"Because both dementia care and amyloid PET technology are in active development, these new appropriate use criteria will require periodic reassessment and updating," Carrillo said.
PET Amyloid Imaging in Alzheimer's – An Overview PET uses radiopharmaceuticals (radioactive drugs) to produce three-dimensional functional images of the brain or other body part. In amyloid PET imaging, the radiopharmaceutical is introduced into the body by injection into a vein and binds specifically to the amyloid protein, enabling visualization of areas in the brain where amyloid has clumped together into plaques. One of the new PET compounds was approved for general use by the U.S. Food and Drug Administration in April 2012.
- If a person with dementia does not have amyloid buildup in their brain, then the cause of the dementia is very likely to be something other than Alzheimer's disease. Other causes of dementia include: strokes, thyroid problems, drug interactions, chronic alcoholism, and vitamin deficiencies.
- If an amyloid imaging PET scan shows that a person with memory impairment has amyloid buildup in their brain, this increases the likelihood that the memory impairment is caused by Alzheimer's disease, but it remains a likelihood, not a certainty.
- If a person without memory complaints or impairment has amyloid buildup, it does not necessarily mean that they will develop Alzheimer's. Many people have amyloid in their brains but are cognitively normal. More research is needed to understand the significance of amyloid plaques in this population.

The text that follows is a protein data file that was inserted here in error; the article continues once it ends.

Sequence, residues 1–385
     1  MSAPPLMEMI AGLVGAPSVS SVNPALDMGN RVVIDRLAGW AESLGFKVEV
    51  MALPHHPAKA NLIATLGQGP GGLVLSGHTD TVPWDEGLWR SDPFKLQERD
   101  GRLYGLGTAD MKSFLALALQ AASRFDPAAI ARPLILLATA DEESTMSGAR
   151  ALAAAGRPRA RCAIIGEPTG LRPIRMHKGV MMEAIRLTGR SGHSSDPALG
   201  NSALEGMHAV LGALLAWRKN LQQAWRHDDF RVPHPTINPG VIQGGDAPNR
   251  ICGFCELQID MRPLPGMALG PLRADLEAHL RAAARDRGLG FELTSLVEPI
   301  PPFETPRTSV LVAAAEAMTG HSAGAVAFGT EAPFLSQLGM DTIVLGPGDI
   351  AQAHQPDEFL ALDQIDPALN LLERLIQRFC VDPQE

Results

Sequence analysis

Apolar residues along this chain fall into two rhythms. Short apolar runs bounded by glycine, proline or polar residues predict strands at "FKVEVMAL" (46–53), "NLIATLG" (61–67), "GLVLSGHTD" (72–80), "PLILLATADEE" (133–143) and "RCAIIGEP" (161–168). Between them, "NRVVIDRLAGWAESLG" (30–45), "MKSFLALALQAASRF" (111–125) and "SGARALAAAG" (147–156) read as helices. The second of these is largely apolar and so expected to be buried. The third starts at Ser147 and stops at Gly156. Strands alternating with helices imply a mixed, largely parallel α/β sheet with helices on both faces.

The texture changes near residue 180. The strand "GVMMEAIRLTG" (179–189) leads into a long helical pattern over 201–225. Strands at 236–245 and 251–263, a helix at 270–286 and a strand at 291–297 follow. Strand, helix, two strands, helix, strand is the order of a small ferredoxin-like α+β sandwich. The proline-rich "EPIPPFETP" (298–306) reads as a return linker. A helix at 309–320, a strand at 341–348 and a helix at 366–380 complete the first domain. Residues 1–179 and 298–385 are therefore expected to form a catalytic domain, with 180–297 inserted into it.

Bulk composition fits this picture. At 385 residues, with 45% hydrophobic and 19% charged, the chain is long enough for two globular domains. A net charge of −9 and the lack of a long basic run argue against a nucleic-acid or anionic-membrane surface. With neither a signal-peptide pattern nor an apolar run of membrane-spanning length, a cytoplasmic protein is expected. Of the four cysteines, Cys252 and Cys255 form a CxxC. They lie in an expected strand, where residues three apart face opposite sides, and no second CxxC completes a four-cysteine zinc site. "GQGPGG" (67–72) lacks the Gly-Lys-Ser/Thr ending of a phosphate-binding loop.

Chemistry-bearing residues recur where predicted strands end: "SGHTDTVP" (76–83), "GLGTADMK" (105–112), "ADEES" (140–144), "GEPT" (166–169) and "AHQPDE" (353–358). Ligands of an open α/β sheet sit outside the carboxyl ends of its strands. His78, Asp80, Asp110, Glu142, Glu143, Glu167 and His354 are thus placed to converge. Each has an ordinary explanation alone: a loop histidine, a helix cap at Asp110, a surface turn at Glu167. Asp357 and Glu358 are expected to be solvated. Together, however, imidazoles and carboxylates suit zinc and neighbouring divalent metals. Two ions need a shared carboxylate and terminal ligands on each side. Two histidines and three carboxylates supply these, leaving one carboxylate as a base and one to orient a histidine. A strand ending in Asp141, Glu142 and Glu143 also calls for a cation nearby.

Amyloid imaging is not covered by insurance at this time, and costs for the scan are "out of pocket." While costs of amyloid PET are not yet established, and PET costs in general can vary depending upon location, other PET scans are known to cost between $1,000 and $3,000, or more. Nonetheless, the AIT concluded that the proven sensitivity and specificity of the new radiopharmaceuticals for brain amyloid and the known association between brain beta amyloid deposition and Alzheimer's suggest these new radiopharmaceuticals could potentially be helpful in the workup and diagnosis of patients with cognitive impairment.
About the Society of Nuclear Medicine and Molecular Imaging The Society of Nuclear Medicine and Molecular Imaging (SNMMI) is an international scientific and medical organization dedicated to raising public awareness about nuclear medicine and molecular imaging, a vital element of today's medical practice that adds an additional dimension to diagnosis, changing the way common and devastating diseases are understood and treated and helping provide patients with the best health care possible. SNMMI's more than 19,000 members set the standard for molecular imaging and nuclear medicine practice by creating guidelines, sharing information through journals and meetings and leading advocacy on key issues that affect molecular imaging and therapy research and practice. For more information, visit www.snmmi.org.About the Alzheimer's Association The Alzheimer's Association is the world's leading voluntary health organization in Alzheimer care, support and research. Our mission is to eliminate Alzheimer's disease through the advancement of research, to provide and enhance care and support for all affected, and to reduce the risk of dementia through the promotion of brain health. Our vision is a world without Alzheimer's. Visit www.alz.org or call 800-272-3900. SOURCE Alzheimer's Association